$$ U = \int_{\theta_1}^{\theta_2}\tau_{app}\,d\theta $$
$$ U = \int_{\theta_1}^{\theta_2}-pE\sin\theta\, d\theta $$
This is where you are getting it wrong .

The confusion you are having is that even though $$ \vec{\tau}_{app} = - \vec{p} \times \vec{E} $$ , $$W_{app} = U = \int (pEsin\theta) d\theta $$ .
 
  • #16
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So τ(field) = -p x E.
There should be no minus sign . Except this , I agree with everything you have written :smile: .
 
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  • #17
ehild
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There should be no minus sign . Except this , I agree with everything you have written :smile: .
Yes, τ(field) = p x E, but with the angle shown, it is -pEsin(θ).
The vector product uses the sin of the angle the second vector encloses with the first, anti-clockwise. In this problem, we used the angle the first vector (p) made with second (E). In this way, the field produced negative torque.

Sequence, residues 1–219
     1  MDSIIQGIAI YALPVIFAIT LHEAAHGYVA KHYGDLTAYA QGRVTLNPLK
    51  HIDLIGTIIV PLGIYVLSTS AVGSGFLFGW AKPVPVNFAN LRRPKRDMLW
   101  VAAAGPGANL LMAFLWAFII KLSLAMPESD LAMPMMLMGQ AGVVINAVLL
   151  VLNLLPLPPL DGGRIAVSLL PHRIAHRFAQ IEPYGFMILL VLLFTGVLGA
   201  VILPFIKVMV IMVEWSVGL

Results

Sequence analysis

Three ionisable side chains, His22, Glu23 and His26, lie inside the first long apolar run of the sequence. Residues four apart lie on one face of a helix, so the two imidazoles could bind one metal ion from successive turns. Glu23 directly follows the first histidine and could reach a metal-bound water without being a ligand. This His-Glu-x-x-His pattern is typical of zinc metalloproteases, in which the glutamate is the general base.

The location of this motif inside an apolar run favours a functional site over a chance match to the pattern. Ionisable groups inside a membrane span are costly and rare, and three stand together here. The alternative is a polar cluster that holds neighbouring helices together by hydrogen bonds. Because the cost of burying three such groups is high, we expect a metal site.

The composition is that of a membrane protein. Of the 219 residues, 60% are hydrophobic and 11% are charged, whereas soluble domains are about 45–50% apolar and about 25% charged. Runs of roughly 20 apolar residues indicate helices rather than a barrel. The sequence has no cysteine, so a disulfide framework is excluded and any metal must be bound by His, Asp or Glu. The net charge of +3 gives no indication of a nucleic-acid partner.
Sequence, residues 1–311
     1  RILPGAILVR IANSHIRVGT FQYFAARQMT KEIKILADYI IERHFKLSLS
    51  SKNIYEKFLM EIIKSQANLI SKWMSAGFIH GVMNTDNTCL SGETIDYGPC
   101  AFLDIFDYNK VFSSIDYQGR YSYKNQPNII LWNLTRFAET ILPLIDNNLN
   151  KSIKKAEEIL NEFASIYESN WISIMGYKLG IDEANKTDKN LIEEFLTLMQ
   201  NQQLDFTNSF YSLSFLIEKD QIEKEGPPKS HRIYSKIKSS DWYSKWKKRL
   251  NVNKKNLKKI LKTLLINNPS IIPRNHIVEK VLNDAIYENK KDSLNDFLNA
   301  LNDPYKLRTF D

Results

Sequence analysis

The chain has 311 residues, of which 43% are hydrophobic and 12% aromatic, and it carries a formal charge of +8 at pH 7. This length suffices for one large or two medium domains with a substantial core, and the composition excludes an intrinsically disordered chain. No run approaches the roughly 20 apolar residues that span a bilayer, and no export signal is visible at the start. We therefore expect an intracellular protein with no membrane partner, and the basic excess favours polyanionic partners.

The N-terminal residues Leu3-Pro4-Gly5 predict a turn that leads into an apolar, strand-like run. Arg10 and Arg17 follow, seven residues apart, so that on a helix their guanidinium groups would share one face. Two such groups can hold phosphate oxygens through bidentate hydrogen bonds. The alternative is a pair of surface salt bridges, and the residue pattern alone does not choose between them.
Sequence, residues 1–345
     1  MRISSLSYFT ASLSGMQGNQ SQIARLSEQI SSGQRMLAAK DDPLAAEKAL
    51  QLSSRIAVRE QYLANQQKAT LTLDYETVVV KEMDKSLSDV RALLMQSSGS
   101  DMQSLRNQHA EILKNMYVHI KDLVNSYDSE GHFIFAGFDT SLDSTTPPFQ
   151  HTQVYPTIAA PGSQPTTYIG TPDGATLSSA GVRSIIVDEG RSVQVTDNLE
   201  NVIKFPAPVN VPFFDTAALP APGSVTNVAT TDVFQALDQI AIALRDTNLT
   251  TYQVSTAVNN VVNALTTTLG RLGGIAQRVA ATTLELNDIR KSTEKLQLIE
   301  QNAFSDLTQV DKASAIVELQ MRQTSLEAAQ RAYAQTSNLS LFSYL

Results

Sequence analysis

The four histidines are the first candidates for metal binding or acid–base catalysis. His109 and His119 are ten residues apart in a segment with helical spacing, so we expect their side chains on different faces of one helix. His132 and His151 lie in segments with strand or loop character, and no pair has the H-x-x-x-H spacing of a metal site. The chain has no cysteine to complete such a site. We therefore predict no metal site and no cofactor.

• #18
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Yes, τ(field) = p x E, but with the angle shown, it is -pEsin(θ).
If by putting a minus sign you are representing a clockwise torque ,then it is alright . But if the - sign has something to do with the way angle is measured , then I do not understand .

The vector product uses the sin of the angle the second vector encloses with the first, anti-clockwise.
o_O Why complicate things ?

The cross product uses the smaller of the two angles between the vectors when joined from tail to tail .
 
  • #19
ehild
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o_O Why complicate things ?